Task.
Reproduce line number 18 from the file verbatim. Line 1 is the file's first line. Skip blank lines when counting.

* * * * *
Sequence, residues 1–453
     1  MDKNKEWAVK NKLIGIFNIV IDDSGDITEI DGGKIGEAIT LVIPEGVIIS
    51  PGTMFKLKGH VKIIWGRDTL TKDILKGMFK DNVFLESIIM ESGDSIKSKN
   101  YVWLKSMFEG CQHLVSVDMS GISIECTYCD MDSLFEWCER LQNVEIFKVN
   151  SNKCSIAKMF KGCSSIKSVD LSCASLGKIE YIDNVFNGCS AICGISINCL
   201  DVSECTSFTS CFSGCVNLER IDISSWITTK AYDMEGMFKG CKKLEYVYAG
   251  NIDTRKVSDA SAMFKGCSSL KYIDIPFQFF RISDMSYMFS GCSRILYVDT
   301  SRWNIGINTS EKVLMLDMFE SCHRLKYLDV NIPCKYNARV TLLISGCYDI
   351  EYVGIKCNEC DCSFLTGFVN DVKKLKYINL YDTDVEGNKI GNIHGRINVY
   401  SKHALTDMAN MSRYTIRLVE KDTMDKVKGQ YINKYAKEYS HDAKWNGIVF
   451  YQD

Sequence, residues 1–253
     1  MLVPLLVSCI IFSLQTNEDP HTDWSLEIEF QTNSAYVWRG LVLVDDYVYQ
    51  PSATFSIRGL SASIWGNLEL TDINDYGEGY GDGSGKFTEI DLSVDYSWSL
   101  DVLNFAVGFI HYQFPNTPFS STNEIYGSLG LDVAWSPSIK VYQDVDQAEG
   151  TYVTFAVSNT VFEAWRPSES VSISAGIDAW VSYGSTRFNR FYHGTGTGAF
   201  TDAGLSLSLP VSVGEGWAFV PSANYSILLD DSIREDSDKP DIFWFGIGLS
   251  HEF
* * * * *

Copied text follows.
   251  HEF